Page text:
Global Development Institute Blog

Jody-kay Jackson (ICTs for Development MSc) & Raghav Mutneja (Management and Information Systems: Change and Development MSc)

Fieldwork is an essential part of the Management and Information Systems: Change and Development and ICTs for Development master’s programs and this year, the students got to visit the lovely city of Cape Town in The Republic of South Africa. The 10-day trip was full of excitement, activities, learning, new experiences and of course, a nice opportunity for all of us to get away from the chilling weather in Manchester. And South Africa greeted us all with nice and warm sunshine.

Why Cape Town?

While Cape Town didn’t immediately strike us as a critical location, once we arrived we were soon able to experience firsthand how much the city had to offer when it came to innovation and development. It is Africa’s leading city for ICT innovations and the next hot location for tech-startups.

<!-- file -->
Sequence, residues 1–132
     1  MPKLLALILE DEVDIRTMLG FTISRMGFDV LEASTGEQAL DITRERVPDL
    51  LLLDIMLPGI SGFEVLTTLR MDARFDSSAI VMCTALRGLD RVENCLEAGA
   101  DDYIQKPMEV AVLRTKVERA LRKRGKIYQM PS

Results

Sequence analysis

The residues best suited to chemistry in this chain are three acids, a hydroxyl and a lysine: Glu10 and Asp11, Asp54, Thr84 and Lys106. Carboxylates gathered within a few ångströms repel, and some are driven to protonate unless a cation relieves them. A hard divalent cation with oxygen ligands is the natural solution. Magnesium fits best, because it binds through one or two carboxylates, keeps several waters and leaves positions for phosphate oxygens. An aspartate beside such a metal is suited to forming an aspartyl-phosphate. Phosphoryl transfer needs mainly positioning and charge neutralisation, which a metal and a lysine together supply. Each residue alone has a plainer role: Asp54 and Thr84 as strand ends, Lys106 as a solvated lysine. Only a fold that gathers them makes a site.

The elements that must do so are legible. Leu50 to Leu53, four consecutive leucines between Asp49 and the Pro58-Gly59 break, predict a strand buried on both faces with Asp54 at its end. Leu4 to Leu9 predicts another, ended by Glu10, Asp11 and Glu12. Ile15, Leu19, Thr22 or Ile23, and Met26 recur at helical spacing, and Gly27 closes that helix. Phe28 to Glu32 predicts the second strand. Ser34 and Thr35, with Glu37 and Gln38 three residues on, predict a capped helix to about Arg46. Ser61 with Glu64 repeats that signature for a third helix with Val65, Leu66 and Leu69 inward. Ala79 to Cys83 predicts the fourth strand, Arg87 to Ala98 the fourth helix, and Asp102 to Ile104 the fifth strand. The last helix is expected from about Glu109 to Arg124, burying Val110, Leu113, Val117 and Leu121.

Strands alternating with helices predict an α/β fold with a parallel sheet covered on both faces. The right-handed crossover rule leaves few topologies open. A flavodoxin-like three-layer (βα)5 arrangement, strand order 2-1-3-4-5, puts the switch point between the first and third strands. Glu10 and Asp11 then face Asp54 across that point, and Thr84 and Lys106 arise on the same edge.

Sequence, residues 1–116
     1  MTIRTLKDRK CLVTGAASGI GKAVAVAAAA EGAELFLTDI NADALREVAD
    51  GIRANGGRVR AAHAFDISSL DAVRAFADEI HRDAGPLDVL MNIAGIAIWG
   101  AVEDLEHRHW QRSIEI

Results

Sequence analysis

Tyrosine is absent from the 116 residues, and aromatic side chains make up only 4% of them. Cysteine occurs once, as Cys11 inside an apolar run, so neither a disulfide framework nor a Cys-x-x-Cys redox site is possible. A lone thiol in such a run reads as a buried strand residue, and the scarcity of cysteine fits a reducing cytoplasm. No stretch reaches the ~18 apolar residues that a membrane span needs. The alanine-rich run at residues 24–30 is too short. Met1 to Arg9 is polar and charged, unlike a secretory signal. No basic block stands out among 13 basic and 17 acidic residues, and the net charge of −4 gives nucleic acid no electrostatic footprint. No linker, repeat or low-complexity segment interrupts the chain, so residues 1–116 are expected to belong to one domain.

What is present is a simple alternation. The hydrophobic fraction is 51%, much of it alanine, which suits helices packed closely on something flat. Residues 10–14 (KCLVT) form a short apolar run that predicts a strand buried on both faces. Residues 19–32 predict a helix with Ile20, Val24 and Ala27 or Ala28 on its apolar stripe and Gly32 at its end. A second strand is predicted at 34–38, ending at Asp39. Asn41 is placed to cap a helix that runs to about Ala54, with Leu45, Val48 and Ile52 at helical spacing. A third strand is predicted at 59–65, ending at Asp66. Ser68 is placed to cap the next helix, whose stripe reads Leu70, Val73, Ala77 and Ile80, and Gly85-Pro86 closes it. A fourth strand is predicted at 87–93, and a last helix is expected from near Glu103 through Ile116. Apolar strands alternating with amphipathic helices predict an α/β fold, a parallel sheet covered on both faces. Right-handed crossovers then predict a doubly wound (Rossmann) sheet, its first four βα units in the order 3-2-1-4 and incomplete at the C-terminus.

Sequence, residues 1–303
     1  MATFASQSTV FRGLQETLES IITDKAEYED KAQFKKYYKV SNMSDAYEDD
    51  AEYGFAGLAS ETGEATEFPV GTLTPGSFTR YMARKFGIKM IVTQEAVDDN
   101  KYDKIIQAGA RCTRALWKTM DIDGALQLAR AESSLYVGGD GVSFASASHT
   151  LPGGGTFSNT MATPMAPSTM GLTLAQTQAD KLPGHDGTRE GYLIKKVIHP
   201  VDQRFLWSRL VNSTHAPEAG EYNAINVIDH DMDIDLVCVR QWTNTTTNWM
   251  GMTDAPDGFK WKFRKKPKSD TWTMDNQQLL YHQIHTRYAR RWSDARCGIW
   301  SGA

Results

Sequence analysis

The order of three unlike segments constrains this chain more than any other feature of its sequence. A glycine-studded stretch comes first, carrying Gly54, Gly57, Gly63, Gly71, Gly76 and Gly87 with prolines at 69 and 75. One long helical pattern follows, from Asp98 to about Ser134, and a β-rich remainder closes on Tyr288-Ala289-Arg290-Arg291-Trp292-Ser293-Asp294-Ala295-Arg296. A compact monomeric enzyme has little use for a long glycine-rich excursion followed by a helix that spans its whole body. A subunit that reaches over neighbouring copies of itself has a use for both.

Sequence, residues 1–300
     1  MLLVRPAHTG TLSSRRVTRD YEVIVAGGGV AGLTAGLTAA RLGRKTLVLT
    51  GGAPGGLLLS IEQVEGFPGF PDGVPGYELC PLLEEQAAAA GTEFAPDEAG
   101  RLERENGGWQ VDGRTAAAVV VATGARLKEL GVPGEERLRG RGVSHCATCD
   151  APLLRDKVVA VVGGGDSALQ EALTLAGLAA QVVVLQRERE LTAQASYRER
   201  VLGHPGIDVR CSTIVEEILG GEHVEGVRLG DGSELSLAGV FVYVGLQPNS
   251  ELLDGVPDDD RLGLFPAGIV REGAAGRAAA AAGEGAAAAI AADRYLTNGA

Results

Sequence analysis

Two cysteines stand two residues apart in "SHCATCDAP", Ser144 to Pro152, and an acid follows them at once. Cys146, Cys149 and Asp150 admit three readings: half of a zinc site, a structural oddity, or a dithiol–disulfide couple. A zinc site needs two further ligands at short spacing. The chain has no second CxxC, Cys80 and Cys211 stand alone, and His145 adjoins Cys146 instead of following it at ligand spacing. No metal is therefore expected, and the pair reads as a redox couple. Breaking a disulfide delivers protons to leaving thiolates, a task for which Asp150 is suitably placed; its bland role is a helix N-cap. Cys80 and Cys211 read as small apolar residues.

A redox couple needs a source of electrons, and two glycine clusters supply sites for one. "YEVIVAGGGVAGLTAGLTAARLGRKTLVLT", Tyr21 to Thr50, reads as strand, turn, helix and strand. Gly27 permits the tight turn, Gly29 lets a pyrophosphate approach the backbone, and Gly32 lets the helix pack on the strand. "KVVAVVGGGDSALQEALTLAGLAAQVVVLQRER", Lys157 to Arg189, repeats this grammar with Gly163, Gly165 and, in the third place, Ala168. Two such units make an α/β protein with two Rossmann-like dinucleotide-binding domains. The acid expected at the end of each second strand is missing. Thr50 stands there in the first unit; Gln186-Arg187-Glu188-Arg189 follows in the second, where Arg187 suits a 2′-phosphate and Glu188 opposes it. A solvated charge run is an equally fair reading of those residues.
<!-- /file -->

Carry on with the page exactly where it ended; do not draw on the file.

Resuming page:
With many major players from the Silicon Valley trying to set up bases in Cape Town, it is also at the forefront of IS development. It is the perfect place for us, students, to compare and see the concepts such as the digital divide, the use of ICTs, or the various frameworks/models that we learn in classrooms, all in play in real life.

Cape Town is currently establishing government supporting programs such as the Open Data Portal for citizens, investing in good healthcare systems, setting up telecentres in rural areas and much more. And if all of this wasn’t enough, the city also boasts of amazing beaches, a beautiful waterfront and of course, Table Mountain.

ICTs, Role and Impact

During our fieldwork, we visited nine organisations and engaged in riveting discussions on a plethora of intriguing topics in the field of informatics. These included Cape Town City Council, Dimension Data, Teraco Data Centre, Mitchells Plain Hospital, Tronox Namakawa Sands, Duferco Steel Processing, Cape Access Community Telecentre, Worshop17, and Rlabs. It was impressive and inspiring to learn how these organisations are using ICTs to transform Cape Town. We will share with you three key examples.

Cape Town City Council – Open Data Initiative contributing to Water-Savings

The Cape Town City Council Open Data Initiative has fuelled several innovations and projects which have encouraged water-savings by citizens. By compiling open datasets on water consumption, citizens can know how much water is available and can monitor their own usage effectively.